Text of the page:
Car brake fluid is the blood of your vehicle’s braking system; without it and proper maintenance, the brakes could fail and the safety of yourself and others around you may be compromised. It is vital therefore to understand how to bleed brakes should the fluid need attention, explained below with our expertise knowledge at CarParts4Less. You can find everything you need to bleed your car brakes including brake fluid.
Why Do We Bleed Our Car Brakes?
Firstly though, why do we ‘bleed’ brake fluid? Bleeding brake fluid is the process of removing trapped air in the brake system, whilst also discarding some old fluid, therefore ‘bleeding’ the system. This is an essential process in car maintenance because as time passes, the fluid loses its moisture resistance and will begin to take on water, corroding your braking system’s parts.
How To Bleed Your Brakes
Your car’s brake fluid should be bled every 2-3 years and can be done from home with an extra pair of hands or a trained mechanic. Here is how to get your brake fluid in top condition:
Step 1 – Check Which Fluid You Need
It is important to first check which type of brake fluid your car requires. Like petrol and diesel, they do not mix well together, so check your vehicle’s manual or get a recommendation from a mechanic with your car details before beginning the bleeding process.
Step 2 – Jack Up The Vehicle
On your garage floor or driveway, use a jack to elevate your car and support it with 4 jack stands. As you will be underneath the vehicle on occasion, ensure it is safely suspended. Once this is done, remove all 4 of the wheels.
Step 3 – Loosen The Bleeder Screws
Locate the brake calipers underneath the vehicle (if it has 4 rotors, your vehicle will have 4 calipers. A car with 2 rotors and drums will have 2 calipers). Next, find the bleeder screw on the bottom of the caliper and use a box wrench to loosen the bolt gently. Don’t twist too hard. If the bolt won’t loosen, use penetrating oil and let it soak for 30 minutes. Attempt to loosen again.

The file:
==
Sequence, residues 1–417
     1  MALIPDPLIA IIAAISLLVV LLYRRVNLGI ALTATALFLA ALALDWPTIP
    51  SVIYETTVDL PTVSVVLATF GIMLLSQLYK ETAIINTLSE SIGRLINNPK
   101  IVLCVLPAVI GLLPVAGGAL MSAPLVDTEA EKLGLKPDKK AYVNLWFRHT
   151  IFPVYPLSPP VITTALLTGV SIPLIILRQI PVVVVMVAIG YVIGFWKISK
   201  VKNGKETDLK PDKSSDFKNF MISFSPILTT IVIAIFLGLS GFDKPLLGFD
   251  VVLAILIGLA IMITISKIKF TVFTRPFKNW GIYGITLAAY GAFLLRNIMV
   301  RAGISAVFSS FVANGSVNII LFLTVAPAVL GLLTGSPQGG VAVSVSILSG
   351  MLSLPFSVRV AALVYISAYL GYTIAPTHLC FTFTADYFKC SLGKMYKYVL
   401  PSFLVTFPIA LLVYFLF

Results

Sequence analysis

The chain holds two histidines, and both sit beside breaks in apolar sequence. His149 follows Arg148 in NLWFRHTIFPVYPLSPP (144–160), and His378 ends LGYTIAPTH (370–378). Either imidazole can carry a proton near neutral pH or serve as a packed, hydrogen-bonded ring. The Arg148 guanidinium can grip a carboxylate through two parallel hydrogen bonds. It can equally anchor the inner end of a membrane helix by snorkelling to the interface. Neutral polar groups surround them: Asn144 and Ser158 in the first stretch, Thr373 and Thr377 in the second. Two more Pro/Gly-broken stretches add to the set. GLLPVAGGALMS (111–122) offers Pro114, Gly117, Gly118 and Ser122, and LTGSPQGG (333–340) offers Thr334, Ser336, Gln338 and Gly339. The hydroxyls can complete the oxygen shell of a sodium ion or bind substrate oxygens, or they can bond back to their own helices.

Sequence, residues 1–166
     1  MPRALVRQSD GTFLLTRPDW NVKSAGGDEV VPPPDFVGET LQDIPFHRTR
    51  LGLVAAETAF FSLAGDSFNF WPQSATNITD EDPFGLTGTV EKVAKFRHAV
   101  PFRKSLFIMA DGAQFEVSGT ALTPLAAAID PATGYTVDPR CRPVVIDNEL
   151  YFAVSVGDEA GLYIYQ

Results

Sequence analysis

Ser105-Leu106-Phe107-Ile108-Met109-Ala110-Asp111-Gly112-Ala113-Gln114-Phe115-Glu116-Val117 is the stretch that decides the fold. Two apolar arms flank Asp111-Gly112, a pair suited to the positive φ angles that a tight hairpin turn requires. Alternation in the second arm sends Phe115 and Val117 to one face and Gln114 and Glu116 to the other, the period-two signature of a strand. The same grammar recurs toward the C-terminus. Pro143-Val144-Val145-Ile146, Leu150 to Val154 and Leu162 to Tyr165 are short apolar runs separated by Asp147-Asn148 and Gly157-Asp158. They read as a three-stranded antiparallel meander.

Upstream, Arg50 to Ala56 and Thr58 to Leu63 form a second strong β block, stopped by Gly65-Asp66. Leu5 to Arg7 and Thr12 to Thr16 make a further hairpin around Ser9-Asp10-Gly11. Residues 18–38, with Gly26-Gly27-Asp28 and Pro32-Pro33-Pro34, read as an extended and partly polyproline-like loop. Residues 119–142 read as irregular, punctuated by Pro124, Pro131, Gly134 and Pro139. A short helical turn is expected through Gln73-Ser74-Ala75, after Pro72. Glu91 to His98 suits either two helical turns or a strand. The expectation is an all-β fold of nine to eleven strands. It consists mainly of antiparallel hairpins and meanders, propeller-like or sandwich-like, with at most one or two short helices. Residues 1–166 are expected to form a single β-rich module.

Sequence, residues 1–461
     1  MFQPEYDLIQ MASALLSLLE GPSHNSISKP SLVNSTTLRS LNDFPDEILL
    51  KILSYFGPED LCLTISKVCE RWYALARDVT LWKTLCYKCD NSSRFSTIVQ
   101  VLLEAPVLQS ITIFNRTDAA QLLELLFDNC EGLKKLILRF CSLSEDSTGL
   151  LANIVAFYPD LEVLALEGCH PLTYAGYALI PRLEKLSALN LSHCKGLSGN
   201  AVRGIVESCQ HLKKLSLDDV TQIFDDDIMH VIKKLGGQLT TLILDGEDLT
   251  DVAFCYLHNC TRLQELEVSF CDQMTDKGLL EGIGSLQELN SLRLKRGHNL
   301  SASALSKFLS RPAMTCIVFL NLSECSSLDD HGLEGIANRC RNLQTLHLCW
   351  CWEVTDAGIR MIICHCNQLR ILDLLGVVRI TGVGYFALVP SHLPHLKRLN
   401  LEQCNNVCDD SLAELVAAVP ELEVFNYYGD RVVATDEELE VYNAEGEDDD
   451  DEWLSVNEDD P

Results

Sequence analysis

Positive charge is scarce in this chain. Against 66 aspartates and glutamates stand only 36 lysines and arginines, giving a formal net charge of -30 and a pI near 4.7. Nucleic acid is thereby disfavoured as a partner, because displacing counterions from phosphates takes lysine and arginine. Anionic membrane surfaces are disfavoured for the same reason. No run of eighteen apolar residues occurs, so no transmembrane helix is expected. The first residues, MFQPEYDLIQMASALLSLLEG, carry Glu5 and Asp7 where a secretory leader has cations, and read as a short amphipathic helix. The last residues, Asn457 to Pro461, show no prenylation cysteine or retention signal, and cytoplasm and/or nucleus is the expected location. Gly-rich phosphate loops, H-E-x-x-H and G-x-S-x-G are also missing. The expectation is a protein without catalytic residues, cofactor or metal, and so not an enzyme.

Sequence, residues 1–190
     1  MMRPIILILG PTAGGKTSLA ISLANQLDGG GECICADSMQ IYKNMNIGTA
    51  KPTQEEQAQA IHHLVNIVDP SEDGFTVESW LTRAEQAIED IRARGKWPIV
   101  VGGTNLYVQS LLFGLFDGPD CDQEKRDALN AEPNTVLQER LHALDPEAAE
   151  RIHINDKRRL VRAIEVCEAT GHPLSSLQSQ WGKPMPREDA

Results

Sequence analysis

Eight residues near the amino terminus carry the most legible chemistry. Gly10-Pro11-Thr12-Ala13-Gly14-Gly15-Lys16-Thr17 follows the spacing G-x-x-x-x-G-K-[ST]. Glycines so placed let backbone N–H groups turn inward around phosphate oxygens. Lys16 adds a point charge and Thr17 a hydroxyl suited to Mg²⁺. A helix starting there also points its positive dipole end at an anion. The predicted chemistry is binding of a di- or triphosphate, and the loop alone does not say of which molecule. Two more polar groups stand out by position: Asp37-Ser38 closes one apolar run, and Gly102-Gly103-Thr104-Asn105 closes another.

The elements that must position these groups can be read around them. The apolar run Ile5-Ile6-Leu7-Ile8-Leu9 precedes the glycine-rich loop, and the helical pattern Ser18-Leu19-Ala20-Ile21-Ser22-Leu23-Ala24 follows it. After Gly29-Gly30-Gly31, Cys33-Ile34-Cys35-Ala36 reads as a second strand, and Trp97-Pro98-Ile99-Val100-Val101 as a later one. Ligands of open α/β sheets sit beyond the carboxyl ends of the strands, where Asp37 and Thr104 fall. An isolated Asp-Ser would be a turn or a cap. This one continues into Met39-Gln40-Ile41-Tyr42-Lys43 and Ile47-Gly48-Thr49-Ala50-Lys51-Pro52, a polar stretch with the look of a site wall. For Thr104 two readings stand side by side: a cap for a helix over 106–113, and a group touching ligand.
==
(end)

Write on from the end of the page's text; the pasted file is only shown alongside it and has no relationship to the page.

Once loosened, place the screw back. Ensure each bleeder screw is securely placed back to avoid air bubbles building back in the brake system.
Step 4 – Check Brake Fluid Levels
The brake fluid reservoir should remain full whilst bleeding the brakes. To check this, lift the car hood and locate the reservoir in one of the back corners of the engine compartment. Open the cylinder cap and add extra fluid if the level is lower than the highest mark.
Step 5 – Attach Tubing To The Bleeder Screws
With some plastic tubing about a ¼ inch in diameter and starting with the brake furthest from the master cylinder, cover the screw and place the other end into a jar or disposable bottle of brake fluid. The fluid will prevent air from building back into the brake.
Step 6 – Engage The Brake Pedal
Make sure that the engine is not running whilst bleeding the brakes.
Your assistant should now take charge of the brake pedals. Ask them to pump the pedal a few times and then halfway to the floor. The pedal should not go all the way down yet.
Ask your partner to push the pedal down and call out once done.
Use your wrench to begin opening the bleeder screw. Old fluid and air will now drain into the container at the other end of your tubing.
Just as the pedal reaches the floor, your partner needs to call out “Down”. Immediately close the bleeder screw when they do.
Your partner will then lift up the pedal.
Repeat this several times until no more air bubbles are released with the fluid.
Continue with Steps 5 and 6 until all of the bleeder screws and brakes have been bled.
Step 7 – Check The Master Reservoir
Reinstall the wheels and lower the vehicle.
As your partner firmly presses the brake and releases, check the fluid in the master reservoir. If there is slight movement in the fluid, good job! Your work is done. However, if the fluid moves erratically, there are will some air bubbles in the system; the bleeding process will need repeating until the fluid settles.